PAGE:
Just because people (youth and adults) have sex doesn’t mean they are in a good relationship or situation and should bear children. Yes, they should use contraceptives, but sometimes those fail (or are unattainable). Again, I was not even 18. My boyfriend was extremely possessive and jealous, and was also physically and verbally abusive. While I did feel stuck in that relationship, there was no way I would ever marry someone like that, and certainly would not put a child in such a volatile situation. If you’re concerned why I would date an abusive partner to begin with, speak to experts on dating/ domestic violence. Those relationships don’t start off that way, and they are very difficult to escape. Getting a women/ girl pregnant by interfering with her contraceptives and without her having any other reproductive health options (real or perceived) is a good way to keep her hostage by an abusive partner.
Having an abortion is not something I proudly share. In fact, to this day, I have only confided in my very best friend and husband about my experience. This letter is my first public display of my experience because I feel that strongly about protecting women’s constitutional rights. The fact that Texas lawmakers want to interfere with women’s rights and responsibilities in family planning is completely frightening. Because I had an abortion in the mid-1990s in the state of Texas (Waco, Texas, McLennan County to be exact), I was able to graduate from high school, receive scholarships, receive Bachelor’s and Master’s degrees, study abroad, travel the world, serve my community, meet and marry a wonderful man, and prepare myself to be the best parent I can be. My husband and I will be able to provide even more for our child(ren) than our parents were able to provide us.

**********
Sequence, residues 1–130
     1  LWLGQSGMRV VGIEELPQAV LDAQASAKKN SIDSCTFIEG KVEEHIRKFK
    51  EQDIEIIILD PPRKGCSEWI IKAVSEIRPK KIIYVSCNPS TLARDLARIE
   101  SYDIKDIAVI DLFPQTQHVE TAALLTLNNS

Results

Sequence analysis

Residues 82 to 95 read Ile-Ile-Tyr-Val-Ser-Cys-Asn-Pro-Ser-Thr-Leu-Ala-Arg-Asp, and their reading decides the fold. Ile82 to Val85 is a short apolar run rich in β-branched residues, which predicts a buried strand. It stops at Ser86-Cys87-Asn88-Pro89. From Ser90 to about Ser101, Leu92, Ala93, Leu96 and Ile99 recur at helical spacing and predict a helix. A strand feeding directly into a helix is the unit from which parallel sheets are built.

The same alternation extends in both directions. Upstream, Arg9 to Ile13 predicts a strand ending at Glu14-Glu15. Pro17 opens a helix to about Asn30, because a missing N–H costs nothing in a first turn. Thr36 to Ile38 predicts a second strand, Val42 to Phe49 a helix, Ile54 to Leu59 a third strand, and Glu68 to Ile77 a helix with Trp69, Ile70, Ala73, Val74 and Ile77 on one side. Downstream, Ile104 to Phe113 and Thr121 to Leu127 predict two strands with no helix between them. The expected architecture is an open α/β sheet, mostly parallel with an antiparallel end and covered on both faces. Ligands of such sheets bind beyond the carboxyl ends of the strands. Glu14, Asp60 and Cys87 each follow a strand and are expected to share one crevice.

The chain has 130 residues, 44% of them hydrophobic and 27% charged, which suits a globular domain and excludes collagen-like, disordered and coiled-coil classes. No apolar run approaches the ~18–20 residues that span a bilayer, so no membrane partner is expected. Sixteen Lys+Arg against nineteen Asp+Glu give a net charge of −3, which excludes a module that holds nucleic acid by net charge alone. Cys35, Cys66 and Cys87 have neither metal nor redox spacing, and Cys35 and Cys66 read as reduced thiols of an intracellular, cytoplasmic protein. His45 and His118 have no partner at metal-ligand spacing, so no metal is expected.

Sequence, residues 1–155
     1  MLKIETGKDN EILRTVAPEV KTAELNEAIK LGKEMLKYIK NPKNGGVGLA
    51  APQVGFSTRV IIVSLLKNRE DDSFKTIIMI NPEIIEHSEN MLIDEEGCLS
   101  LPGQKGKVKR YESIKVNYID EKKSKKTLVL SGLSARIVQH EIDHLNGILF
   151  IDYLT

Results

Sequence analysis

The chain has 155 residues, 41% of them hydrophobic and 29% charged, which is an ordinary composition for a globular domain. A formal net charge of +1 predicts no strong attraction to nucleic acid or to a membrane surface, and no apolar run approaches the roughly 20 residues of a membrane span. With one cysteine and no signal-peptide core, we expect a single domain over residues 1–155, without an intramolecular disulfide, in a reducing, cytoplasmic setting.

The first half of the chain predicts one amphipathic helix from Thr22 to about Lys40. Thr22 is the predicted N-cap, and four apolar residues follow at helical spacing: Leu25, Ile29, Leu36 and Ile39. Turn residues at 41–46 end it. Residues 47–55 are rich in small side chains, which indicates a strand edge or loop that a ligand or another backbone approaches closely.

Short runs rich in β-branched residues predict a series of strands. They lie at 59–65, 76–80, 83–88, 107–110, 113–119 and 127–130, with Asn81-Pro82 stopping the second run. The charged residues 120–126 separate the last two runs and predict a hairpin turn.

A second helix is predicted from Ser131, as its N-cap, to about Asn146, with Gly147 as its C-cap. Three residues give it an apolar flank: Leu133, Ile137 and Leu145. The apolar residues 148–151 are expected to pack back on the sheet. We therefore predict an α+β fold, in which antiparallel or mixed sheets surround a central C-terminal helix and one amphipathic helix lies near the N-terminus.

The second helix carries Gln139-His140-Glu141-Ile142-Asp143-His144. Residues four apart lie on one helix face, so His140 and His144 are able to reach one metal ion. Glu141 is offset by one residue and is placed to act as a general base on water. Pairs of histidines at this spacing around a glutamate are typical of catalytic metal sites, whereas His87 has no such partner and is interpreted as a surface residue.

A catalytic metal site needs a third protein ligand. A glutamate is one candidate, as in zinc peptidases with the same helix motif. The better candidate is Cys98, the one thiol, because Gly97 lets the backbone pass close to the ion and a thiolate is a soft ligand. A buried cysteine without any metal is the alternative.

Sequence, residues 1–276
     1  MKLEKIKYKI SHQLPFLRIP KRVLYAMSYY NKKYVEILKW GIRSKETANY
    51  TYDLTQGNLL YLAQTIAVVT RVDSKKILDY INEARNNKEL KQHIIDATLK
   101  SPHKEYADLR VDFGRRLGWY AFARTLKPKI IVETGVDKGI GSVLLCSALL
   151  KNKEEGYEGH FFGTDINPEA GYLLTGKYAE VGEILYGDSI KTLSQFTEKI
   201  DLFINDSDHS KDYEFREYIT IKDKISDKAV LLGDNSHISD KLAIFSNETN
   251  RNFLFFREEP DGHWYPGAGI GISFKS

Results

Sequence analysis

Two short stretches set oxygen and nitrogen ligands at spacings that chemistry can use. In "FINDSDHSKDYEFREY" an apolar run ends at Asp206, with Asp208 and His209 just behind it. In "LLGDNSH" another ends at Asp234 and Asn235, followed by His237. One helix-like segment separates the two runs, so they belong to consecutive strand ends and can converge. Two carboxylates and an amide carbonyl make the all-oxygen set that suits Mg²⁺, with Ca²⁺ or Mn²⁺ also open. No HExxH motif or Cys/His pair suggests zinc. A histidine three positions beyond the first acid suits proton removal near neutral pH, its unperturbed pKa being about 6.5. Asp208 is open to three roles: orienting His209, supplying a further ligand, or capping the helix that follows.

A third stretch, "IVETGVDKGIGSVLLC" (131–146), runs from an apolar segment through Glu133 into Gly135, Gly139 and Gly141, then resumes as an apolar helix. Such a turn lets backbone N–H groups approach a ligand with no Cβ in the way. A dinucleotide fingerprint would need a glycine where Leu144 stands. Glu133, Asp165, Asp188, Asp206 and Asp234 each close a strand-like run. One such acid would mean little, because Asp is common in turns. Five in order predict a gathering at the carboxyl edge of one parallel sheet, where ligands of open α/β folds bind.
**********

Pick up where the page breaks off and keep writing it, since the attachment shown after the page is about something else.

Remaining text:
To this day, I remain grateful for the trusting medical professionals at Planned Parenthood and for having the liberty to make my own sexual health and reproductive decisions. I urge Texas lawmakers to STAND WITH ALL TEXAS WOMEN, who at times will face unexpected challenges and disappointments, which might interfere with their ability to be the best mothers they can be. TRUST TEXAS WOMEN to decide when they are ready to bear children and STAND WITH ALL TEXAS WOMEN by supporting legislation for adequate and accessible healthcare, early childhood education, comprehensive sexual health education in public schools, accessible/ affordable higher education, and social services for women and children